Story URL: http://news.medill.northwestern.edu/chicago/news.aspx?id=229469
Story Retrieval Date: 7/30/2014 6:08:22 AM CST
Once a year, the Chicago River goes from murky green to Irish green. And people love to watch the transformation.
Turning the Chicago River a lucky shade of green
The Plumbers Union 130 works magic on the Chicago River.
The Chicago River in all its green glory.
On St. Patrick’s Day in Chicago, everyone is Irish. Even the river. But before the city got to admire the brilliant color of a river dyed green, spectators were treated to the sight of motorboats releasing a yellow-orange powder into the water. Which makes one wonder, what is that stuff?
For the 52nd consecutive year, the Chicago River was transformed from its usual murky green to a brighter shade associated with Ireland and shamrocks. The tradition is a trademark of the city’s annual St. Patrick’s Day parade and celebration the Saturday before March 17.
Organizers of the event are tight-lipped about what is in the dye. Kevin Sherlock, parade coordinator in the St. Patrick’s Day Parade Committee, declined to discuss the ingredients used in the dye. Coloring a river green for St. Patrick’s Day “is something unique to Chicago,” he said. He added that the dye used is safe for the environment and dissipates in six to 10 hours, depending on the flow of the river.
Sherlock is also the vice president of Chicago Journeymen Plumbers Local 130, which sponsors the parade and dyeing the river. Most of the people who work on the parade are plumbers.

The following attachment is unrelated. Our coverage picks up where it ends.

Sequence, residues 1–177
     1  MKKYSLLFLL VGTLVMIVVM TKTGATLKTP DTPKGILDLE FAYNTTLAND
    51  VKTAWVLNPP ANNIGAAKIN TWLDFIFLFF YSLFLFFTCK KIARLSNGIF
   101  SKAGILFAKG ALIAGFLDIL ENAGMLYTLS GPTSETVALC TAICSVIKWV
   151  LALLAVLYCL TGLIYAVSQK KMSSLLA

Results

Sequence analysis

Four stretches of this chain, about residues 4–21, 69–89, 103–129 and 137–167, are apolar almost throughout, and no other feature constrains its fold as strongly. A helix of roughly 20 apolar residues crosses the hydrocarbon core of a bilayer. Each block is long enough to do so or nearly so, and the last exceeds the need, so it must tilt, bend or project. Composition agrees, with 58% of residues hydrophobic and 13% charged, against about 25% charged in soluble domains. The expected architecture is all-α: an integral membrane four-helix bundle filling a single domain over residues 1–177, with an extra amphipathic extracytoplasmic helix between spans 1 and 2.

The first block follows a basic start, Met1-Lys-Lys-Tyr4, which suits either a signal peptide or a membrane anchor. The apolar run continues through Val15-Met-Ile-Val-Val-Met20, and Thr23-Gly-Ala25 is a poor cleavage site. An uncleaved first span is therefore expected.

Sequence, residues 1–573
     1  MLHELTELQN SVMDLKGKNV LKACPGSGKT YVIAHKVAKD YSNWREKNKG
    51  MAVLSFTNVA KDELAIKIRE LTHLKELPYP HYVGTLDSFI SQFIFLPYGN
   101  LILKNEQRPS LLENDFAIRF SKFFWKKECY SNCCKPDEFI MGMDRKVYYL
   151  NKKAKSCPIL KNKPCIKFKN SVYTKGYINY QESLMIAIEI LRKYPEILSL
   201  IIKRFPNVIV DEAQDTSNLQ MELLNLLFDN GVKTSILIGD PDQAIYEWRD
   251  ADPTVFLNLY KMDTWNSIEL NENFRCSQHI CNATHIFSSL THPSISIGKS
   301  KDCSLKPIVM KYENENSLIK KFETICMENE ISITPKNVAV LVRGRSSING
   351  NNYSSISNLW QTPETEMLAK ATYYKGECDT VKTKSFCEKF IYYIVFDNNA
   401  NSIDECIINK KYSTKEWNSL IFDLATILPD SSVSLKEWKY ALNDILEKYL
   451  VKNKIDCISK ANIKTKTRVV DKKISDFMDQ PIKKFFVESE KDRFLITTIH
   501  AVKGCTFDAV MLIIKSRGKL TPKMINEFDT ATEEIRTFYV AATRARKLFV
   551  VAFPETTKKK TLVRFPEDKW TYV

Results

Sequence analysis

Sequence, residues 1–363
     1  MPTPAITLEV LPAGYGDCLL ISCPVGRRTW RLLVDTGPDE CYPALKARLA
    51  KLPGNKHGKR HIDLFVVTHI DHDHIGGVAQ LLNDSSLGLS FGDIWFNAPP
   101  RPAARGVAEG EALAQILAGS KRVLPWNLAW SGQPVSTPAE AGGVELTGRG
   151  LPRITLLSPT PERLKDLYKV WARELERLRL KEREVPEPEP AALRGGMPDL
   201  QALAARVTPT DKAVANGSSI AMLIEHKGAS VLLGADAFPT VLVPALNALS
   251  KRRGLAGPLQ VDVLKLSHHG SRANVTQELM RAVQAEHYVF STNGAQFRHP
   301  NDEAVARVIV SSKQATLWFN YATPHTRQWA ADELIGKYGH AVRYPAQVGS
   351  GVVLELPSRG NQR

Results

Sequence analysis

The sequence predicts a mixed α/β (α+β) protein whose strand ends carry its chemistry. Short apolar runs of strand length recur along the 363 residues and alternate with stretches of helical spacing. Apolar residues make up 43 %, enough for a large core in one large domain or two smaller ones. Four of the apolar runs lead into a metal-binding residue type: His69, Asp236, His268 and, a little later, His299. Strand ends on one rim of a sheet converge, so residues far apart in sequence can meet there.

Checking with the Illinois Environmental Protection Agency turned up the name of one chemical: fluorescein. “We get asked about that dye every year,” said Kim Biggs, Illinois EPA spokeswoman. A concerned citizen contacted EPA to evaluate the dye about 10 years ago. “We didn’t do a lab test on a sample of the dye (intended for the Chicago River). EPA contacted the Plumbers Unions on what was in the dye. Then, EPA’s toxicologist reviewed the dye’s ingredient and deemed it safe.” According to Biggs, there have been no changes in the content within the last decade.
Fluorescein is an orange powder that turns green in alkaline waters. It is a synthetic coloring agent used as a stain in medical applications and as a water tracer. In 2006 the U.S. Food and Drug Administration reviewed and approved Fluorescite, a diagnostic drug containing fluorescein sodium intended for retina or iris examinations. Fatal cases of anaphylactic shocks following fluorescein angiography — examinations done after introducing a tracer — are extremely rare. There may be discomfort or reactions if fluorescein is directly injected as a tracer, Biggs said, but at the concentration used to dye the river it is safe.
Gazing at a river dyed green for St. Patrick’s Day isn't an experience unique to Chicago residents and visitors. Nancy Hunt, executive director of the Paseo del Rio association in San Antonio, Texas, said the city has been dyeing its river annually for 20–25 years for the city’s St. Patrick’s Day boat parade. Instead of a powder, the San Antonio River takes a liquid dye.
A connection to Chicago’s river-dyeing tradition could not be confirmed. “Not that I’m aware of,” Sherlock said. “They might have talked about it before my time here. It’s just a matter of time before people figure out how to do this.”